— Erin Garcia, Special Events Manager, and mother of Keira
Like most families, we gravitate to museums when we travel. Natural history museums, art museums, history museums, you name it, we go. Also like many families, too often we save our museum experiences for vacations and fail to take advantage of the museums within our own reach. Although my children have visited Austin’s local museums, their trips have been infrequent, and certainly not timed to take advantage of new exhibits or museum events. As my children have grown, however, I realize what an impact their museum exposure has made on their lives. Their best vacation memories are often the ones made in museums. They can pull out facts and observations based on museum visits when I thought they were not paying attention and bored to tears. Although we used to have to threaten and cajole in order to get them to an art museum, I now have a child who is about to begin architecture school, and another who is passionate about photography. The lesson for me in all this is that you never know what positive impact even infrequent exposure can make on young minds. Go when you can and take your kids. Even if they act disinterested, you never know what might stick!
— Molly Sherman, Development Director, and mother of Hattie and Mary Alice and Hasie and Clara
I like to take my teenage girls to a place where they can explore their world on a more adult level. When I’ve take them to museums, including art museums, they seem to have a more adventurous spirit and curious nature than in their normal daily routine. They don’t read every label or make all the connections that museum staff so carefully design, however, they know the possibility exists to find new information and broaden their horizons. I’ve always tried to encourage curiosity and make that a fun part of their life. If I can keep that going through their teenage years, I feel like they will be life-long learners and enjoy growing at every life stage.
— Martha Bradshaw, Manager of Visitor and Volunteer Services, and mother of Elizabeth and Madeleine
Twenty-three years ago, when my maternity leave was over, Danny came with me daily to the art museum where I was director, a newborn in his baby bucket gurgling fairly happily while I worked. That succeeded for about three weeks, as I recall, and then his dad, a novelist who worked from home, got to keep him during the day. Nonetheless, he came to all the public events with me for years, both in Aspen and in New Orleans, where we moved shortly thereafter. “Art-babies,” I called the kids of my colleagues and artist friends —we brought them to every event/program/show, and they were admired and loved by those vibrant communities with the focused attention art-lovers so easily give.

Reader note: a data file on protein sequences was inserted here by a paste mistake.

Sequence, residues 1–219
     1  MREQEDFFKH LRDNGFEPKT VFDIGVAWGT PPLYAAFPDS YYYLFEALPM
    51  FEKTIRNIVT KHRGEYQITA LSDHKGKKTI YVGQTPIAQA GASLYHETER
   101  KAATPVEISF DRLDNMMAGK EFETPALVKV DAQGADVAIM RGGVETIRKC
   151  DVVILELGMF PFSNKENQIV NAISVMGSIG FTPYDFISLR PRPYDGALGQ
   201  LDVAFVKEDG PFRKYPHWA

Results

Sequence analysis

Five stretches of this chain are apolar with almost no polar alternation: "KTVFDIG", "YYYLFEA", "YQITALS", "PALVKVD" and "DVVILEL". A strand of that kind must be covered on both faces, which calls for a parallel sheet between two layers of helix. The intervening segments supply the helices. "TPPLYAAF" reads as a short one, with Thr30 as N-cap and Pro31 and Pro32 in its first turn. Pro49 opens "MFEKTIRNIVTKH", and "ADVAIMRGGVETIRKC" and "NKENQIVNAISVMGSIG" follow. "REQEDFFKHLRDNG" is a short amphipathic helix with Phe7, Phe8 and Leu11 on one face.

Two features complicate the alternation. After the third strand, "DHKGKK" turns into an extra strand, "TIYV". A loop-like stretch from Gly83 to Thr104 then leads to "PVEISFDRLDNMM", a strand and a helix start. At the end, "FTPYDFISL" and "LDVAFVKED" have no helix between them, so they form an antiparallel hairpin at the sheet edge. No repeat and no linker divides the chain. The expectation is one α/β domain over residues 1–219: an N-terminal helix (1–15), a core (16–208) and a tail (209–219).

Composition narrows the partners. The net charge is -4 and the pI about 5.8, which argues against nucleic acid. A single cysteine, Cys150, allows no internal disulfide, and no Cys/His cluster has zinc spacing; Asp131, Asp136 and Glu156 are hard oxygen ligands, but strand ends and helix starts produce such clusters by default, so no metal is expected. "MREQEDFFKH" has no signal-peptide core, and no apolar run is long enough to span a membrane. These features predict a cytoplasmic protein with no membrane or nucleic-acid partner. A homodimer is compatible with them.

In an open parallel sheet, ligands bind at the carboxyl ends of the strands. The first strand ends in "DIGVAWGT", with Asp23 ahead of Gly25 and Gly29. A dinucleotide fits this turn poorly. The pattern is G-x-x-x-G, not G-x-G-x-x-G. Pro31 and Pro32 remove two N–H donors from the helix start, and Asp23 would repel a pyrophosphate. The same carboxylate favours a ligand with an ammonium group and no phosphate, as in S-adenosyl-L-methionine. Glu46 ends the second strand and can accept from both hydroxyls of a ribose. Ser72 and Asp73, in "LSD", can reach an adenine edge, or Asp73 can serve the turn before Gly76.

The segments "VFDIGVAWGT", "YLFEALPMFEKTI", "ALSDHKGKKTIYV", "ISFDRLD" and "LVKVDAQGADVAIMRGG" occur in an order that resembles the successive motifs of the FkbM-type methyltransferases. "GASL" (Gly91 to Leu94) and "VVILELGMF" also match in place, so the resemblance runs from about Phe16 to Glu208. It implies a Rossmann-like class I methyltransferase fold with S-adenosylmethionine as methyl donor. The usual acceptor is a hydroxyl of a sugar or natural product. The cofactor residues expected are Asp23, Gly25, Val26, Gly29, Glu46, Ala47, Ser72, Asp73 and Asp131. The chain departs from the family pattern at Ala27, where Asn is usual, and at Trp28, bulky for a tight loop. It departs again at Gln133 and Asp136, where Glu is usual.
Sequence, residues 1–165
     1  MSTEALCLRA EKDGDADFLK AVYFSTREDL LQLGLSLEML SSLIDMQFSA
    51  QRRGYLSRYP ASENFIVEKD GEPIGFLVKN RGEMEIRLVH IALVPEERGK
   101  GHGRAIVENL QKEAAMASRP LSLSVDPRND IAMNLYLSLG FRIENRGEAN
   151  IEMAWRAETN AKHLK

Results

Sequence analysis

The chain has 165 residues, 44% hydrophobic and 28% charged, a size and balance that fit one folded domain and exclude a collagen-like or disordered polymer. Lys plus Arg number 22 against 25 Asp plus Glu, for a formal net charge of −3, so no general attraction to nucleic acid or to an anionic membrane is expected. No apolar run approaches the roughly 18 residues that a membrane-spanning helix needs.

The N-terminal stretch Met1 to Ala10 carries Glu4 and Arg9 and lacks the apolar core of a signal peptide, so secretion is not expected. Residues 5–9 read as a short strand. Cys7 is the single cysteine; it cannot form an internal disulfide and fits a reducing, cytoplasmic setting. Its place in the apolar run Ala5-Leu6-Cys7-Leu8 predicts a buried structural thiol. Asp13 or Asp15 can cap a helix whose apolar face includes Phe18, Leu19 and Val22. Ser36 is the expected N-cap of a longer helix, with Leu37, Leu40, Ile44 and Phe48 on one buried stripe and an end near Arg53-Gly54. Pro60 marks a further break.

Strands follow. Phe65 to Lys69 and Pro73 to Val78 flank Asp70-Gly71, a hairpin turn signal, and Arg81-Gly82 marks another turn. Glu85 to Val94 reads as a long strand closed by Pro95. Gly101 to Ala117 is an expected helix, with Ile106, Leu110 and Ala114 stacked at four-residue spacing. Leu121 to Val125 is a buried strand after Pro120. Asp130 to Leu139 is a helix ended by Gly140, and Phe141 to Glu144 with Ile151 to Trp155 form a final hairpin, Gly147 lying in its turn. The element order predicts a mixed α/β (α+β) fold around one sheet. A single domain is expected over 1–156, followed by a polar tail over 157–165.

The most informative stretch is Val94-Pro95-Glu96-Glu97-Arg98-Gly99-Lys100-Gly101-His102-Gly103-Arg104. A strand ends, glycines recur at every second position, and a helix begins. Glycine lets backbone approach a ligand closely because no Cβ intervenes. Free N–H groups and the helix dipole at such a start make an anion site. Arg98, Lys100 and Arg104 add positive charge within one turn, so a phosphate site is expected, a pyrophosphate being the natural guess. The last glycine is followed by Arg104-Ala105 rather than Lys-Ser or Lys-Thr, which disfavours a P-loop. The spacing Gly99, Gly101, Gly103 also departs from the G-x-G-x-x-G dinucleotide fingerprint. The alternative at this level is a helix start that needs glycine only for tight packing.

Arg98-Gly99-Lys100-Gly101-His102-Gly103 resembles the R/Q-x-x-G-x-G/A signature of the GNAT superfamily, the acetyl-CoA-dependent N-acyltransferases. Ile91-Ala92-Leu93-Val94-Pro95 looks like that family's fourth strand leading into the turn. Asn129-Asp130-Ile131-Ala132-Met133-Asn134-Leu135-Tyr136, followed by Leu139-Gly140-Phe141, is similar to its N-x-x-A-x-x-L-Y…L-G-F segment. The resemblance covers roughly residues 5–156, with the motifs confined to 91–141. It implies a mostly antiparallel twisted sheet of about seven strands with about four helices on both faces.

Danny has no memory of this, of course, and it was only rarely documented. We taped a great video of one of our last days in New Orleans, and the 5-year-old is exploring (with eyes, not hands!) the giant block of ice that had been shipped from Boston to NOLA by a group of artists we were working with at the Contemporary Arts Center. Years later, based in Austin, I remember Danny’s excitement at seeing the Jacob Lawrence retrospective at the MFA Houston with a school field trip, his art enrichment now made possible by a larger universe. For awhile in his middle school years, he had less interest, and we let him stay home or be with friends. Now an adult, he’s an avid culture-hound, his friends mostly artists, writers, and thinkers, and I see the tribe expanding. Increasingly over the past few years, I’ve turned to Danny for advice on various curatorial choices—”what do you think of this idea,” I ask, or, “do you prefer this one or this one?” — both as a way to share my work with him and because he has an incredibly astute eye. And, as a UT student, he not only worked as a student gallery assistant for a short time at the museum, but he was my own personal “student focus group.” One of my favorite museum moments was sharing my Desire exhibition with Danny and his new girlfriend. Surprisingly, they were both comfortable enough to do that with me, and I was thrilled that they were so open and insightful. Certainly most kids don’t have parents who are arts professionals, but I do believe that all that art and culture exposure throughout his life has helped make Danny the creative, intelligent, perceptive, and caring guy that he is. And he gets his great sense of humor from his dad!
— Annette Carlozzi, Deputy Director for Art and Programs, and mother of Danny